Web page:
Against this view of the needlessness of war as a trainer of men in manliness and courage must be put what may be called the safety-valve view of war. We shall be told by the advocates of this school that men are creatures of passion, and that if their passions are not periodically purged by war they will eat inward, and breed many and foul corruptions in the body politic. A little blood-letting, it will be argued, is absolutely necessary for a healthy State. But the scorners of universal peace will not be eontent with this pictur- esque, if somewhat dangerous, analogy from the art of surgery ; they will say, and we fear will say truly, that human experience shows that the world has tried uni- versal peace and found it more demoralising than bloodshed. During the reign of the Antonines the world, not merely " from the Orcade Isles to the moun- tains Pyrenee," but from Hadrian's Wall in Scotland to the Cataracts of the Nile, from Palmyra to the Tagus, was lapped in a dream of peace. The waves of war had been stilled, and hardly a ripple raffled the placid bosom of the lake or murmured round the steps of the Caesarian throne. But though the cynically, or shall we not say the " clammily," minded Gibbon longed to live under the rule of the Antonines, and to enjoy that brooding calm would have exchanged the satin breeches, the purple-velvet coat, the clouded cane, and even his own well-printed quartos for a toga, bare legs, a stylus, and a scroll, we cannot think that a free and generous spirit could desire the dreadful hush of content which drove Hadrian to those "wild enormities of ancient magnanimity " which still litter the world, and appalled even the saintly melancholy of Marcus Aurelius. Assuredly the world of the Antonines, when good men felt it necessary to persecute the religion of Christ lest the comfort of mankind should be disturbed by those who brought not peace but a sword, was not a world on which those who love their fellow-men can look with longing and regret. From the moral and mental catalepsy into which mankind had fallen, the incursion of the barbarians was a relief. Who can say that out of the universal peace of the Antonines came aught that was worthy or noble, unless it be the uprising of Christianity, and that came not through peace but by conflict? When the Caesar looked on the world beneath his feet the only minute points of storm and violence visible were those round the Christian converts. That strife alone marred the peaceful prospect, and yet that strife was the one wholesome and worthy sign, the one proof of life and health in a land free from bloodshed and war. Other epochs of peace, if examined in detail, might be shown to offer little more encouragement. The Incas of Pere kept peace in their land, but who will assert that the Peruvian Kingdom, even judged by the savage standard, was worthy or morally profitable ? There was no poetry worthy the name, no true art, no learning, while freedom was the very last thing that was thought of by the dreary Socialists of the Andes. If we look at the other side of the shield, and ask what are the effects on a nation of the very opposite of universal peace, we are obliged to admit that war seems far better able to produce something worth producing than universal peace. Look at the history of the Hebrews and of the land of the children of Israel. It is one long record of bloodshed, of battle and siege, of conquest and revolt. Tacitus in a lightning flash sums up the history of the Jews when he describes Jerusalem as Templum et Arx,—at once a shrine and a fortress. Round the blood-stained hill of Zion the waves of war beat continuously. Ruin upon ruin, battle on battle, is the history of the city and the race. Yet from those blood- cemented walls and from that race of fighting mountaineers came not only the noblest poetry, the highest eloquence, the keenest wisdom, political as well as religious, but the light that lightened the Gentiles,—the Prince of Peace who brought, not peace, bat a sword.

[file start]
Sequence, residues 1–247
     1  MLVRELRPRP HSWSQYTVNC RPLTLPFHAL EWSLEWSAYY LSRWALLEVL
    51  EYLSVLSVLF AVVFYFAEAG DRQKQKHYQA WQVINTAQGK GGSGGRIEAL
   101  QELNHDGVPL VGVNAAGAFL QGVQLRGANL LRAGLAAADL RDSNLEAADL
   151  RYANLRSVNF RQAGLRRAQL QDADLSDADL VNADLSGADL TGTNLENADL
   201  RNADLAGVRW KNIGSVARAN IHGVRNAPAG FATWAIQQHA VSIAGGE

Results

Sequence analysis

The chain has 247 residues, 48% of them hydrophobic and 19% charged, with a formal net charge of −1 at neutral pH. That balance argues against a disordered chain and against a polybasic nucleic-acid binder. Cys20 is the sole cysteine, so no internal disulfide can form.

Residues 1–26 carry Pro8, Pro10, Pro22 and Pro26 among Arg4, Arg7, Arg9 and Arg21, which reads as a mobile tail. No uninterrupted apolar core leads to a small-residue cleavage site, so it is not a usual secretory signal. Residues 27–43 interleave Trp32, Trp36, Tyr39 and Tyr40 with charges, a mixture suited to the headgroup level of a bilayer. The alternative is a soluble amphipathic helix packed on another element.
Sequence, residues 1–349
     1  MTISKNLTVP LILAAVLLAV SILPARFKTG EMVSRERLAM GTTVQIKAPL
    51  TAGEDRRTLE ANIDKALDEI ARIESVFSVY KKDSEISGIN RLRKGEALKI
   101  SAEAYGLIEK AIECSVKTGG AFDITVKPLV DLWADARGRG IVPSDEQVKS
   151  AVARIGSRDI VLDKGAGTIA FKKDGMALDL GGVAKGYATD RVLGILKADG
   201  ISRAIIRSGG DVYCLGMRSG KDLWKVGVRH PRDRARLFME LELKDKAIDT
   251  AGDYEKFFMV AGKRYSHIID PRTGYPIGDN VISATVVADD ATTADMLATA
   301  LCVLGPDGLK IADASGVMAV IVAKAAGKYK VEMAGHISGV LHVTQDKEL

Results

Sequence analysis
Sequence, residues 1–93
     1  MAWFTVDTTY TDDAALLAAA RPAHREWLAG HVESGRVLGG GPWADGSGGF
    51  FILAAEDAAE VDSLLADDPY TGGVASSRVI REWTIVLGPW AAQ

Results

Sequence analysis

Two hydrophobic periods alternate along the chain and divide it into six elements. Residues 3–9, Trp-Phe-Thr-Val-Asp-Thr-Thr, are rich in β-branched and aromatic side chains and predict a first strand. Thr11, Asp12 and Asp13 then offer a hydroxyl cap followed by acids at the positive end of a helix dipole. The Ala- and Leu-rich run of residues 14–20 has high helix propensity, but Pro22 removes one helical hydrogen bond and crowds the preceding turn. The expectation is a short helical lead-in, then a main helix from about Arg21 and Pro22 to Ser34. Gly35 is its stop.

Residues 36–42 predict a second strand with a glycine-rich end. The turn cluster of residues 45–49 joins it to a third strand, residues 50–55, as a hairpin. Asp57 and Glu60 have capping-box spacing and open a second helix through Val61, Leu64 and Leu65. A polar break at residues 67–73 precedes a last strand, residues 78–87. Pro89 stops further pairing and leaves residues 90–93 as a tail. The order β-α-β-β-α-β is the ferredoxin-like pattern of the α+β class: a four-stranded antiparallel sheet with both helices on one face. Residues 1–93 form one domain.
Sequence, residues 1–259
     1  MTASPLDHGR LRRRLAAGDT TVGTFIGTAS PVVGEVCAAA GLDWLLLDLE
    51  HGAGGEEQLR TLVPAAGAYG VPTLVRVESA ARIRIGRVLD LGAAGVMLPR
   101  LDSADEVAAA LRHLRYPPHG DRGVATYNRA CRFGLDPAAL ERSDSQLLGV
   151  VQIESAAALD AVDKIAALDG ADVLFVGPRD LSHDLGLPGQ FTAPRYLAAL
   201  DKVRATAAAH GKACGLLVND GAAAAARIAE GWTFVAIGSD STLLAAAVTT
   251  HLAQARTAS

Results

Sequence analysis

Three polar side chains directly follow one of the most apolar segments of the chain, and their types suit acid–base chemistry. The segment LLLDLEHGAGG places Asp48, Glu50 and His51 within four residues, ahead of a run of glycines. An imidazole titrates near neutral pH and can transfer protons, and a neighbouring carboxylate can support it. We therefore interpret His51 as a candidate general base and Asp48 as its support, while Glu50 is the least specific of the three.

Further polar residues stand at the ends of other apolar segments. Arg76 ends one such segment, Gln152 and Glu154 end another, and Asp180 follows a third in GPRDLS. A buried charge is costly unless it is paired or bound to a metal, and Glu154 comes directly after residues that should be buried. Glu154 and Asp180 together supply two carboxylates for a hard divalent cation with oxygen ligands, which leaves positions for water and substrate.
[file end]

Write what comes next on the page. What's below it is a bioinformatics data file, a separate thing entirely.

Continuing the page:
What, then, is to be said of a warless world P We admit that in theory war cannot be defended, and that in practice, and if looked at in detail, war seems to bring out the brute in man, that nations for a time always appear to degenerate after a great war, and that between crime and insanity and the miseries of war there is a clear connection. But at the same time we cannot ignore the fact that when war has been banished from the world mankind has not grown better, and that a warless world has been a sodden and soulless world, if not worse. What a paradox it seems, and how- doubly paradoxical when stated by one who has never seen actual war, and in all human probability never will see it ! One almost seems driven to the soul-withering conclusion placed before us by the sinister genius of Bacon :-

" Wars with their noise affright us. When they cease We are worse in peace."

But is that pessimistic resolution really necessary ? We da not believe it. We would say rather that, though war may be a terrible evil, it has also something of good in it, and that peace, though a good, may have something of evil. Man was meant for neither condition wholly, and must accept both. It may be, and we most sincerely think it is, his duty to avoid war and seek for peace, but we know that he will never succeed entirely, nor must we wish him to do so. The onlyinstrument for obtain- ing a universal peace is a universal tyranny. Without it the clash of mind on mind and the difference of aims and hopes will every now and then produce the friction of war. Thus universal peace, though it would be well worth having if achieved by mutual forbearance, is not worth purchasing at the price of universal despotism. If, as seems true, we can banish war by banishing freedom, we must refuse the benefits of universal peace. Peace we may and should strive after, but, as we have said, we shall not reach it as our ultimate goal. Our consolation must be that it is only universally and absolutely obtainable by a sacrifice which we dare not make,—the sacrifice of freedom.